White supremacy culture is reflected in the current realities of disproportionate and systemic harm and violence directed towards BIPOC people and communities in all aspects of our national life – health, education, employment, incarceration, policing, the law, the environment, immigration, agriculture, food, housing. For one example, white supremacy culture is reflected in the current reality that 22 percent of Black households, 18 percent of Latinx households, and 9 percent of white households do not have enough food. One in 7 of our children go to bed hungry. This means that our culture accepts this level of hunger and food insecurity as “normal.” If we did not, we would not allow it. We would not allow any of the ways in which our society prioritizes profit over people if we did not have dominant cultural beliefs that make normal what is deeply and alarmingly inhumane.
WHITE SUPREMACY CULTURE COMES AFTER ALL OF US
We are all swimming in the waters of white supremacy culture. We are all navigating this culture, regardless of our racial identity. We are not all affected in the same ways – some of us are encouraged to join and collude without awareness that an invitation has been extended, some are invited to participate at the cost of separating ourselves from our communities and families, some are shamed because we can never fully join no matter how hard we try, some are denied any invitation in order to be targeted or exploited or violated.
Because white supremacy culture is the water we swim in, we inevitably internalize the messages about what this culture believes, values, and considers normal. We absorb these messages as individuals and as a collective. As a result, white supremacy culture shapes how we think and act, how we make decisions and behave. As a result, white supremacy culture reminds us over and over again, sometimes out loud, sometimes in a whisper, that white is right and that there is a right kind of white (thank you Kari Points).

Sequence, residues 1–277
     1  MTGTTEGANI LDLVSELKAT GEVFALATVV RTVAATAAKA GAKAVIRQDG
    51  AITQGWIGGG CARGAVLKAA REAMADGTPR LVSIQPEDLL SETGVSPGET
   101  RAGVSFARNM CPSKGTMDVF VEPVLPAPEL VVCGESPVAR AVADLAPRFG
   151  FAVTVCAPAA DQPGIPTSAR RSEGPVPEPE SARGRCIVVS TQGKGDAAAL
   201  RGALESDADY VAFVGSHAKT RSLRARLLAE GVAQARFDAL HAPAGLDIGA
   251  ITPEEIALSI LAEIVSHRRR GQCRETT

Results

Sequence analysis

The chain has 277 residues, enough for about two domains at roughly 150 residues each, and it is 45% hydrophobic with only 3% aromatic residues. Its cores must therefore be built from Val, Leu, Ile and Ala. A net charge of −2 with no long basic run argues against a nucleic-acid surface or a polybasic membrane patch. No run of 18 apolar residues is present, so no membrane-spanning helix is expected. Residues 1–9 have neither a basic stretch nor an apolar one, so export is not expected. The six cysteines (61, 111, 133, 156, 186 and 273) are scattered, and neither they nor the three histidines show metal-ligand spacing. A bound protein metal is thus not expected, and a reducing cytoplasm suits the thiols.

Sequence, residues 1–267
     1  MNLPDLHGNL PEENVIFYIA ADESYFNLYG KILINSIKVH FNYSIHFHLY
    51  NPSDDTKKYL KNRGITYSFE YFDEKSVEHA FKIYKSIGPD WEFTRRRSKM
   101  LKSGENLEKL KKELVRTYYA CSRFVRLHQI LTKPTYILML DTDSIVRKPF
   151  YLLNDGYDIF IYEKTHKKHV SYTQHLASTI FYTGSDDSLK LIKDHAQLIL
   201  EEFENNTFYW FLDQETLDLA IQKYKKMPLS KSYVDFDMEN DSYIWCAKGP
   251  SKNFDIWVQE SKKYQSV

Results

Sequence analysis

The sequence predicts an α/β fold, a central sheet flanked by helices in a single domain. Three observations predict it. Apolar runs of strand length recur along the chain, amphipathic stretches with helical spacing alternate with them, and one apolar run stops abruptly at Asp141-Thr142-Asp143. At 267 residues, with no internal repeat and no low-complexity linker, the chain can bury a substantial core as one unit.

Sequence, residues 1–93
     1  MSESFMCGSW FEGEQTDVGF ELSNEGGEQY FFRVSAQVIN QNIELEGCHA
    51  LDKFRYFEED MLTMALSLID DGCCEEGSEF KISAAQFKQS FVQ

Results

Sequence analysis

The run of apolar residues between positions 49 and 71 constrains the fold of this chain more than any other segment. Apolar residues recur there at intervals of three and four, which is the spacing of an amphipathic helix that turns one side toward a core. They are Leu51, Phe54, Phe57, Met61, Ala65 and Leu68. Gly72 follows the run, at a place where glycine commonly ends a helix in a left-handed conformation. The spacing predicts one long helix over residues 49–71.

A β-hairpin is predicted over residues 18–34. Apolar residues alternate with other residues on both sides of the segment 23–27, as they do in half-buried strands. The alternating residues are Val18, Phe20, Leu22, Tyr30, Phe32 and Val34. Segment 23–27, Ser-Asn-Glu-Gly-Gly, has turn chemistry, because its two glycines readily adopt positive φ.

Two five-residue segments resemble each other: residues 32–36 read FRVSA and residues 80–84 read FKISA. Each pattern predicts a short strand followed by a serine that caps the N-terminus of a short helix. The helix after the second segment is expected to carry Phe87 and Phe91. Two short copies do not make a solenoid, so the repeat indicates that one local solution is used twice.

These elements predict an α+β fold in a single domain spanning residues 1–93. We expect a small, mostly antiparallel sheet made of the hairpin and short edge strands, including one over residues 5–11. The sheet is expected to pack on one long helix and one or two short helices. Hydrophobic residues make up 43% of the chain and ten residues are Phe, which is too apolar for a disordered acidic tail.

REFUSING TO COMPLY
The good news is that while white supremacy culture informs us, it does not define us. It is a construct, and anything constructed can be deconstructed and replaced. We are not victims; our history is both witness to and record of how many of us refuse(d) to cooperate, how many of us are brave and bold enough to vision a future we often do not live to see. We honor our radical freedom fighting ancestors, those on the front lines, those whose names we will never know, those who fed the babies and swept the floors and offered nurture while committed to living with mutual dignity, respect, and love. We are here because of them.
Given how others have shown us the way, the good news is that we can and must be equally brave, bold, and fierce ancestors for those who come with and after us.
Hegemony is defined as the predominant and pervasive influence of one state, religion, region, class, or group. ... A hegemonic society functions not just to establish a homogeneous way of thinking, but also to try to make any alternative disappear. ...
One might say hegemony is "the language of conquest."
While white supremacy culture does inform us, it does not define us.
To be given dominion over another is a hard thing; to wrest dominion over another is a wrong thing; to give dominion of yourself to another is a wicked thing.
Toni Morrison speaks truth about the toxic power of whiteness. From an interview with Charlie Rose.
A short and incomplete
What chou mean we, white girl, revisited
"A letter to white Southern women."
Lorraine Bethel, “What Chou Mean We, White Girl?
Or the Cullud Lesbian Feminist Declaration of Independence (Dedicated to the Proposition that All Women are not Equal, i.e. Identical/ly Oppressed)” Conditions Five: The Black Women’s Issue, Vol. 11, no. 2, 86-92. Italics from Anne Braden’s first open letter appeared in the Southern Patriot in 1972.